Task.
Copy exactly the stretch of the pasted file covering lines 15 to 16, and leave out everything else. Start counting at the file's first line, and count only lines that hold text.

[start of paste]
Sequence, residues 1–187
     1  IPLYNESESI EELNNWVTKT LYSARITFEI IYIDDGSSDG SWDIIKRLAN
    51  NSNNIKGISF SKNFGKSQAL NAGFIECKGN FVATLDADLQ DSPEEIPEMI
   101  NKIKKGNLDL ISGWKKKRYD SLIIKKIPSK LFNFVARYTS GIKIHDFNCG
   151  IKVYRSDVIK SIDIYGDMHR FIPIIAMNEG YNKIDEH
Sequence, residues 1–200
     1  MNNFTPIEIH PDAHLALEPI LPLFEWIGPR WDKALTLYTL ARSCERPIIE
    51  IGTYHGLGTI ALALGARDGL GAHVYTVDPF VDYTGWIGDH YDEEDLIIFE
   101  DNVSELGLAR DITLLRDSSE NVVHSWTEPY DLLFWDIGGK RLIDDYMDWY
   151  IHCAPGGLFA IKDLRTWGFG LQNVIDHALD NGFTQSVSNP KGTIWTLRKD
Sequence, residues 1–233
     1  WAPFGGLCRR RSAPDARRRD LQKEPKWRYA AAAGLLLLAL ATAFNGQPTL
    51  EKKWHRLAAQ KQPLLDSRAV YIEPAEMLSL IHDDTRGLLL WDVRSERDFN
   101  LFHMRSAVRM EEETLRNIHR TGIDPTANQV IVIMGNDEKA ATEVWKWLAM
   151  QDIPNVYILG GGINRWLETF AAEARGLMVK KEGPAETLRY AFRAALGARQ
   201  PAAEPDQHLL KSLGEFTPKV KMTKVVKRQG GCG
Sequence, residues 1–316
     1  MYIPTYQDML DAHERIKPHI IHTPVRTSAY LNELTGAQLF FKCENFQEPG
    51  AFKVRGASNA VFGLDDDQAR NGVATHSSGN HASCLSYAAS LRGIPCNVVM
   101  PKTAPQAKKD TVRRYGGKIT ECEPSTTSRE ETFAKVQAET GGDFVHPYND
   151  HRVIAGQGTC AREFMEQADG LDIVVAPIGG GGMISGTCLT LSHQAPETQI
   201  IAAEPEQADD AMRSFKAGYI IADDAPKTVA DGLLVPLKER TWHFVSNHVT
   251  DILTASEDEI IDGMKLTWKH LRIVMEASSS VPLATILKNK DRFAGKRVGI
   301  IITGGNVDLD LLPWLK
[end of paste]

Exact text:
   151  QDIPNVYILG GGINRWLETF AAEARGLMVK KEGPAETLRY AFRAALGARQ
   201  PAAEPDQHLL KSLGEFTPKV KMTKVVKRQG GCG